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Thread: .22 semi-auto pistol scope?

  1. #1
    Moderator AKmud's Avatar
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    Question .22 semi-auto pistol scope?

    I'm thinking about putting a pistol scope for my Browning Buckmark .22 on the Christmas list this year. Any recommendations on what would work and would be a good match for the style of handgun? I mainly shoot grouse/ptarmigan/rabbits and targets out to around 30 yards.

    I'd like to stay away from anything very bulky if possible.
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    Member .338-06's Avatar
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    I'd go with a dot scope. The smaller the dot, such as those used in Bullseye shooting, the better for under 50 yds. Since you're putting it on a .22, you should be fine with a cheaper one-<$100.

  3. #3

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    I agree from the cost and bulk standpoint, but also for eye relief. Conventional handgun scopes vary in eye relief depending on power and brand. You can be required to get into some pretty awkward shooting positions if eye relief gets too short, which gets complicated in field shooting, especially if you need to shoot quick. The dots solve this, especially if they have little or no magnification while the dot is small enough for small targets.

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    Member rimfirematt's Avatar
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    Ive had the dots and scopes. The dots are fine for plinking. But more often than not, the dot always covered up the heads of small game. Or I just desired some magnification to thread the shot through brush. Also, maybe it was just me, but everytime I had the dot set to its smallest setting, it was really frustrating to hunt around for it in the scope. It was pretty hard to see on a sunny day. I had a few things get away on me cause of the valuable seconds I wasted looking for that dot. I had a millet 2 MOA red dot scope.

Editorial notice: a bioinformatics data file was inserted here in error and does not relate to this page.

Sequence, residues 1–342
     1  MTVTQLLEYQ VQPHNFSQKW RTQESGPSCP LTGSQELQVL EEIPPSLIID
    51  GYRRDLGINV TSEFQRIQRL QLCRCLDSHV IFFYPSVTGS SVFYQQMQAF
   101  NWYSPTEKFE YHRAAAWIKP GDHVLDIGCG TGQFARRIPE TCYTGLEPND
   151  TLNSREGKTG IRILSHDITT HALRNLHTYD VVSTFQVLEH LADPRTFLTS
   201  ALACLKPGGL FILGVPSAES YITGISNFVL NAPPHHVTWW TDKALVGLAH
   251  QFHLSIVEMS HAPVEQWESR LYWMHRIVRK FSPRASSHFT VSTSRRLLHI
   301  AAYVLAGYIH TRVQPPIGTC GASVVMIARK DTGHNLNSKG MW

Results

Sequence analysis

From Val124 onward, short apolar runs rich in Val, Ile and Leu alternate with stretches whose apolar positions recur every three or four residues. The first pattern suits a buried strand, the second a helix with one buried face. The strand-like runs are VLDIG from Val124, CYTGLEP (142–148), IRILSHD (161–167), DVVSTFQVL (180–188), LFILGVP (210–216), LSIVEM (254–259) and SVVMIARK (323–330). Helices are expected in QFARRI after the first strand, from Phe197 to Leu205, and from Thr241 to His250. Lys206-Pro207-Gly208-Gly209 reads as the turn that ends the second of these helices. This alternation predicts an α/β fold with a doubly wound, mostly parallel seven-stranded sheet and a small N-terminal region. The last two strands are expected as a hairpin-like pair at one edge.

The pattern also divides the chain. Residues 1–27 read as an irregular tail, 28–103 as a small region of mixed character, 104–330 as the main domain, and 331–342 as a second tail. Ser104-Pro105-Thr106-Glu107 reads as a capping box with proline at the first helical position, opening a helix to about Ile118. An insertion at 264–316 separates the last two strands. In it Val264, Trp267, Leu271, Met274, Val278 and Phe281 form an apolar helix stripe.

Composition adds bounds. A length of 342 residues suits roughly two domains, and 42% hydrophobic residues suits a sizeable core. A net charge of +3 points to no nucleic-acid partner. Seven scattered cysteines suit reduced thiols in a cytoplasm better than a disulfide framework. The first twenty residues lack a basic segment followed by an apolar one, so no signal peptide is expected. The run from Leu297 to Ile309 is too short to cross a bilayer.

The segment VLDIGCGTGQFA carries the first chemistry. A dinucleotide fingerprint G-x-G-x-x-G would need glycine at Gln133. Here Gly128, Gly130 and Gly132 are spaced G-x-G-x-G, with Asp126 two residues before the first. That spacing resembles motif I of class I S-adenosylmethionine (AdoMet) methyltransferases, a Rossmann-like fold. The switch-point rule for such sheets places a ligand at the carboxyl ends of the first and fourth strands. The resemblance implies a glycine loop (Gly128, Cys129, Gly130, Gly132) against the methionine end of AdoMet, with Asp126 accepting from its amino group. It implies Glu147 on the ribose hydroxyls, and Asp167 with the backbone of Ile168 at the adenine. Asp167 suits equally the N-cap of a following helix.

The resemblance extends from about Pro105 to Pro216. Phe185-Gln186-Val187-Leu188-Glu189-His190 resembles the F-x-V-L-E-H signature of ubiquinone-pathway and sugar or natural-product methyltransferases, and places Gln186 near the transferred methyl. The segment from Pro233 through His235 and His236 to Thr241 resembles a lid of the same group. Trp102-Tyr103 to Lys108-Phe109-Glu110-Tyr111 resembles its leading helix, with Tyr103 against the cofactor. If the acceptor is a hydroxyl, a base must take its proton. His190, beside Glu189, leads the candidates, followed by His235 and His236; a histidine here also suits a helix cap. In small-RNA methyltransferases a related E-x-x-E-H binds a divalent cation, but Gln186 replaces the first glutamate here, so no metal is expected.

So for my hunting/target gun, I use a nikon monarch fixed 2 power.

    If all your shots are under 30 yards, maybe a dot wont be a bad choice for you.

    But, I find myself shooting at all reasonable ranges. the scope works great for everything.

    The scope does add more bulk and weight though. I keep mine on a weaver base with quick detach rings. I keep the scope with it while snowmaching, 4 wheeling, but take it off for hikes.

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    Moderator AKmud's Avatar
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    Thanks for the responses guys. I'll have to take a look at the "dot" scopes. I was originally thinking of going with a traditional scope, but maybe I will have to widen my horizons.

    Any particular brand/model that outshines the rest?
    AKmud
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    The porcupine is a peacful animal yet God still thought it necessary to give him quills....

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    Default sights

    I have two scopes I have used on my smith and wesson 22A. I have a knock off of the military M68 CQB sight that has a red and a green dot in it. The dot size is adjustable so it wouldnt cover the whole head of a bird. I also have a BSA Holographic sight with 5 different reticles in it. Both were very inexpensive sights and are suitable for everything you need to do with a 22 caliber pistol. Although the M68 is a very heavy sight the BSA is so light it doesnt even feel like there is a sight on the pistol. I would recommend the holographic sight because of the different reticles you can choose from. I like to use the circle with the crosshairs in it and it works perfect. PM me if you would like to see pictures of both sights. Thanks and good luck

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    Moderator AKmud's Avatar
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    Thanks bowtech...I just ordered a BSA holo sight from www.midwayusa.com for a mere $30 (plus shipping). They are on sale right now and normally are $99. The reviews of this model (#399922) look really good so I'll give it a try and see how it goes.

    Thanks again for the recommendation.
    AKmud
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    The porcupine is a peacful animal yet God still thought it necessary to give him quills....

  8. #8

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    Yeah, the holo's are a great choice for reduced weight and bulk for field carry.

    Here's a trick for small targets and oversize dots: Sight in for bullet impact at the top edge of the dot rather than the middle of it. Then you just cut the small target with the top of the dot and you're home free. For larger targets and fast shooting just use the dot normally, but when the target is small, aim fine and make the shot.

    Same old, same old as with a gold bead front sight on a rifle. You can't find a gold bead small enough that won't still cover a deer completely at 100+ yards. But if you sight in to hit the top edge of the bead you can make closely aimed shots a lot further than that. Bead, dot, doesn't matter. Just be thoughtful in how you sight in and how you aim.

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